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The Hook [Mass Market Paperback]

Donald E. Westlake
3.7 out of 5 stars  See all reviews (32 customer reviews)

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Book Description

April 1 2001
Wayne Prentice is a midlist author who must face the hard fact that the world no longer values his work. He has watched a pseudonym, two careers, and his sales disappear and feels like it may be time to quit writing for good. On the other hand, Bryce Proctorr fires out one bestseller after the next and has a multi-million dollar deal for his next book. Unfortunately, his divorce has given him writer's block and Bryce cannot solve his dilemma as his deadline rapidly approaches. So, Bryce proposes a partnership to Wayne: give Bryce his unpublished manuscript and the two of them can split the advance 50/50. There's just one small catch -- Wayne has to put Mrs. Proctorr six feet under.

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From Amazon

Mystery grand master Donald Westlake (who also writes under the name Richard Stark) is nothing if not prolific: his publishing career includes juveniles, westerns, and short stories. He is perhaps best known by mystery enthusiasts for his comic crime novels (Smoke, Baby, Would I Lie?, Trust Me on This) and his Dortmunder series (What's the Worst That Could Happen?, Don't Ask, Drowned Hopes). The Hook, however, moves beyond the machinations and deduction-driven plots of traditional mystery, following the path Westlake spearheaded with The Ax into the twisted labyrinth of psychological suspense. The Hook is a harrowing story, told with a crisp incisiveness, and its riveting central characters are extraordinary: Bryce Proctorr and Wayne Prentice are fascinating, compelling tangles of neuroses and ambitions, both wonderfully drawn.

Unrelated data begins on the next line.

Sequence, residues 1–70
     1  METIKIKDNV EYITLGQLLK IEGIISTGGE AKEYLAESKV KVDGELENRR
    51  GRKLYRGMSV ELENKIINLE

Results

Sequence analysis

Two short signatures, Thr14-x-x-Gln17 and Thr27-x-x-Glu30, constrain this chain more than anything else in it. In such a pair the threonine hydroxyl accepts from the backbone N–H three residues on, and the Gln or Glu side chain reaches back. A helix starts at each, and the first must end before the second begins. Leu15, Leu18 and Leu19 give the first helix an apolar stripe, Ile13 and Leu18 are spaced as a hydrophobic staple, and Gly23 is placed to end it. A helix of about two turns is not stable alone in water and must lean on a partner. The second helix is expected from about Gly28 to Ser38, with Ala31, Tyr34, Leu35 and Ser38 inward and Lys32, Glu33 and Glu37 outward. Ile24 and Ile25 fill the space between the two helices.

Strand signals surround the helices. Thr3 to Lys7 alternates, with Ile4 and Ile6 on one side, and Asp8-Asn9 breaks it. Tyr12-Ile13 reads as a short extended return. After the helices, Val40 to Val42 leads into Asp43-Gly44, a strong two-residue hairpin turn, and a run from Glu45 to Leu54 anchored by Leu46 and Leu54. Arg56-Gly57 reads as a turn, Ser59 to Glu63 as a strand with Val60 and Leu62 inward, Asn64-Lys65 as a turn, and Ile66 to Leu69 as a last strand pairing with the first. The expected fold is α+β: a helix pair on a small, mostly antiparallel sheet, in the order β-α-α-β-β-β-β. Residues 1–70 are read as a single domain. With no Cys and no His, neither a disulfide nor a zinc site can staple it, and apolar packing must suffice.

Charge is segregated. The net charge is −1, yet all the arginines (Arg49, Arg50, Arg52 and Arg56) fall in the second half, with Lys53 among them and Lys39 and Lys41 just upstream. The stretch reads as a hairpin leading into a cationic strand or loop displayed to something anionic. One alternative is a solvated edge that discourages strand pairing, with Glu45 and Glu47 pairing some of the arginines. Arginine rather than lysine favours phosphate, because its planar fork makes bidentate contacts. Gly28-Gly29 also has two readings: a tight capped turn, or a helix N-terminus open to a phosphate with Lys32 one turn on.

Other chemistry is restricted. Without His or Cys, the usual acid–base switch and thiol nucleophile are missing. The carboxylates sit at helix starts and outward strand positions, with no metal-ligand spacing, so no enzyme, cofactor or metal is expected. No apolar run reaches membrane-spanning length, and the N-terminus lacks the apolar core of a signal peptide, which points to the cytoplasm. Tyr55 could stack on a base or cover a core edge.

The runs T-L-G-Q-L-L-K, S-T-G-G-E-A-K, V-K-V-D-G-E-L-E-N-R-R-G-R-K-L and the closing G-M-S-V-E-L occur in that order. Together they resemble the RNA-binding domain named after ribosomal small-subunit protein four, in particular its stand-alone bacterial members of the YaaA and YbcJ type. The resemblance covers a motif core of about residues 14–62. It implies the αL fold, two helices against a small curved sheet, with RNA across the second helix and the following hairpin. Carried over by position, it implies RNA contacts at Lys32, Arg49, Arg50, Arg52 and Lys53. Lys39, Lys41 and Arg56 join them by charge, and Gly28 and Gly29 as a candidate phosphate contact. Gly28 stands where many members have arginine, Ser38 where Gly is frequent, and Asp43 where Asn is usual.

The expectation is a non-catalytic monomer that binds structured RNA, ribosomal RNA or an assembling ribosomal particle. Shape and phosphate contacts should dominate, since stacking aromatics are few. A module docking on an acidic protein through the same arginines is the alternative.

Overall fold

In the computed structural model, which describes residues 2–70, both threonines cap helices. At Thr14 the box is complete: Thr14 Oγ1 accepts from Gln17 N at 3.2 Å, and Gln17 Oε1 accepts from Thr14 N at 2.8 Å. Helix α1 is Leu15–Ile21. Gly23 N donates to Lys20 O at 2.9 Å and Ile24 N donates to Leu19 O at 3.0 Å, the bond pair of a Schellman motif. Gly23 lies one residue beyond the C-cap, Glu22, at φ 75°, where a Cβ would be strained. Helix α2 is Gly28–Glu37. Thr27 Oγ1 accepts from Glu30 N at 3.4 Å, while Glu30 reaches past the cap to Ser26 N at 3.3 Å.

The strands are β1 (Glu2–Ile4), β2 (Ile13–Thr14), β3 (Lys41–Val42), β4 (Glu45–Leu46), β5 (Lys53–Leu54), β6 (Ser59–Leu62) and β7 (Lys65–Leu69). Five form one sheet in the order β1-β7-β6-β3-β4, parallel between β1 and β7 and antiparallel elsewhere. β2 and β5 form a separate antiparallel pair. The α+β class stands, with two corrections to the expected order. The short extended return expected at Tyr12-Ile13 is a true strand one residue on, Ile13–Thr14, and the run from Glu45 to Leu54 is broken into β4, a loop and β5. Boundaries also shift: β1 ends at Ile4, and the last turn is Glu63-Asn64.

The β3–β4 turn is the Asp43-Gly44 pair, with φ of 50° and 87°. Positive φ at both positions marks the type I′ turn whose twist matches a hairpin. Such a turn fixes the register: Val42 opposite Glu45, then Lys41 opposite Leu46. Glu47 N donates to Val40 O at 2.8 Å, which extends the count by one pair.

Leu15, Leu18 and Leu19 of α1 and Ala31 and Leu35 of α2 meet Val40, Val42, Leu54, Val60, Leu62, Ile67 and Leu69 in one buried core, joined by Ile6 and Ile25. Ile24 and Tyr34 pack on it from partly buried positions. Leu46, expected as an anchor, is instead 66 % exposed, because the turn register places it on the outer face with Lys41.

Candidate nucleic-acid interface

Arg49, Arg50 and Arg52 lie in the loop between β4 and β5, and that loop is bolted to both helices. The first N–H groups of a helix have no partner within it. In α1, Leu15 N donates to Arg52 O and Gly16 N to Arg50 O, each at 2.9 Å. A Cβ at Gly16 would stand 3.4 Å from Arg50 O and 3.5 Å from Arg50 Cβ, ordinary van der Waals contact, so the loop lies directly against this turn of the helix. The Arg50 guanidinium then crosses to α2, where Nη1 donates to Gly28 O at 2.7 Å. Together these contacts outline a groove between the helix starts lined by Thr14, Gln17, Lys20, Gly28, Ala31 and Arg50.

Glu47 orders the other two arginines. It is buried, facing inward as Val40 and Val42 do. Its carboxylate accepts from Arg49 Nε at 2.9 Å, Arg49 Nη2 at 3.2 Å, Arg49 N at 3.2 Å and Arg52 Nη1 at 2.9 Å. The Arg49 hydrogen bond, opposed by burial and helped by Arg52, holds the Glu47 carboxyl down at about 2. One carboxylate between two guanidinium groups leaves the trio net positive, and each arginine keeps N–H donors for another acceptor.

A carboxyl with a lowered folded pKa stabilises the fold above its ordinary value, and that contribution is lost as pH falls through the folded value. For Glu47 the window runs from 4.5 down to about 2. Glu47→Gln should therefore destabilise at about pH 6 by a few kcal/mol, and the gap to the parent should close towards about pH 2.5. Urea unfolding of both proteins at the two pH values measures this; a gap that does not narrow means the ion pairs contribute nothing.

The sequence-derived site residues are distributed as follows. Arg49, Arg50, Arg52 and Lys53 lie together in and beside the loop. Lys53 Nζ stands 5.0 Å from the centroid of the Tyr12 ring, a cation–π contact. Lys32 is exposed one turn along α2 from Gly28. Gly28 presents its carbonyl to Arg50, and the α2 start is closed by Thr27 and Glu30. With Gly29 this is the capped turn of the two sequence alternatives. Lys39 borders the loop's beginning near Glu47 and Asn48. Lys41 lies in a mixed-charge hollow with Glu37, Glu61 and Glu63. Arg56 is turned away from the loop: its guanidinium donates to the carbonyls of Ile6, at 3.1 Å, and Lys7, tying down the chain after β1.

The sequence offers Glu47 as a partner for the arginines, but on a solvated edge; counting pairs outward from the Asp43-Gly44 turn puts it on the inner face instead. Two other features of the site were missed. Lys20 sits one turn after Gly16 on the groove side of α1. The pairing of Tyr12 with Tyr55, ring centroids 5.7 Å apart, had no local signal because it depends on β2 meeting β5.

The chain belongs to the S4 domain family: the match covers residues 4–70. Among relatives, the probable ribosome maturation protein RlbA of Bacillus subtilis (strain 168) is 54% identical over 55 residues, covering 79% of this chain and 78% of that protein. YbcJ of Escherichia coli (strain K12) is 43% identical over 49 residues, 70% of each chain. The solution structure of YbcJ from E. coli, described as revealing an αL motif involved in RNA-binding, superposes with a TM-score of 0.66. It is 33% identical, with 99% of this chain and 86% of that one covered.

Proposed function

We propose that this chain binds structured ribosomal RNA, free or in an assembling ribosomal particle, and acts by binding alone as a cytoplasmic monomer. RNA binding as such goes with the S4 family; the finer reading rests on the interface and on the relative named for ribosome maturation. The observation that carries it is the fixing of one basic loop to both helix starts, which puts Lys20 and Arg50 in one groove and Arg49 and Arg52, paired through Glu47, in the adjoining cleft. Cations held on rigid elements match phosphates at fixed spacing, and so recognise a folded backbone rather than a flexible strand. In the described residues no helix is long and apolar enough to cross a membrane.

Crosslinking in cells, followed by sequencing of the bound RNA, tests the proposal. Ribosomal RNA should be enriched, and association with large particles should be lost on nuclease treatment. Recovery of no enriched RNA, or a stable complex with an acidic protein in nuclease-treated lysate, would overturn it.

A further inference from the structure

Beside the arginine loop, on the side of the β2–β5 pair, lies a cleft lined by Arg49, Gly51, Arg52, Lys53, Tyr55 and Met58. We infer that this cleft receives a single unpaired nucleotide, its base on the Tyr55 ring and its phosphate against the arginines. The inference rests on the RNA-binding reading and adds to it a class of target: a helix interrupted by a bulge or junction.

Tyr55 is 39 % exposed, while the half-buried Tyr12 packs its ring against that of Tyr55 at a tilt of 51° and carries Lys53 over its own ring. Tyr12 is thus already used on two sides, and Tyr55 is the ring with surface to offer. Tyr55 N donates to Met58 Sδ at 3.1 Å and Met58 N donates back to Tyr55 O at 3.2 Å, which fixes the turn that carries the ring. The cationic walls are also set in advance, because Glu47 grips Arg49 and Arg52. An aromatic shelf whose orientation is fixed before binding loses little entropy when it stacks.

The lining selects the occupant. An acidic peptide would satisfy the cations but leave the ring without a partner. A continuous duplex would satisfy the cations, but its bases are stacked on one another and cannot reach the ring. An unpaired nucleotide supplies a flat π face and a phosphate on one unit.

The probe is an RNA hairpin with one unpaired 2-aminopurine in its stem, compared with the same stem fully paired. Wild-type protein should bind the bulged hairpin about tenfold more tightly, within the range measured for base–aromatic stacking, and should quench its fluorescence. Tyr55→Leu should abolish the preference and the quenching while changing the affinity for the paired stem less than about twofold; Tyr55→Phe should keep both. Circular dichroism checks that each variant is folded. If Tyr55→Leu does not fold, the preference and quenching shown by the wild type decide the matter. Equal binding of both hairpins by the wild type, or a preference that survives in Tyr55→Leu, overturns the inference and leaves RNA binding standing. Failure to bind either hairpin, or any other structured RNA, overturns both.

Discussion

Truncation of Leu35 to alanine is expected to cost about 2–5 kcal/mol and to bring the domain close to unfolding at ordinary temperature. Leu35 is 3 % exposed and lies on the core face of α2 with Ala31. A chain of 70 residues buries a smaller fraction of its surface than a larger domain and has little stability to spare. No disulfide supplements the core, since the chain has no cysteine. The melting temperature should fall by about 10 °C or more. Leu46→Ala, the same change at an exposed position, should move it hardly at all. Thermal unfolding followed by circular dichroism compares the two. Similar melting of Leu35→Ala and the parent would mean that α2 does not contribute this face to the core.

Bryce Proctorr has a multi-million dollar contract for his next novel, a wife who is trying to extract the last pound of flesh (but money will do just as well) from him in an ugly divorce, a fast-approaching deadline, and a serious case of writer's block. Wayne Prentice is an author drifting ghost-like through a world that has forgotten his novels; he's gone through two pseudonyms, has watched his sales plummet, and is wondering whether the academic life might be better than this, all things considered. When the two meet by chance in the New York Library, Proctorr has a proposition: if Prentice will give him his unsold manuscript to publish under Proctorr's name, the two will split the book advance fifty-fifty. But as in all Faustian bargains, there is a significant catch: Wayne must kill Bruce's wife.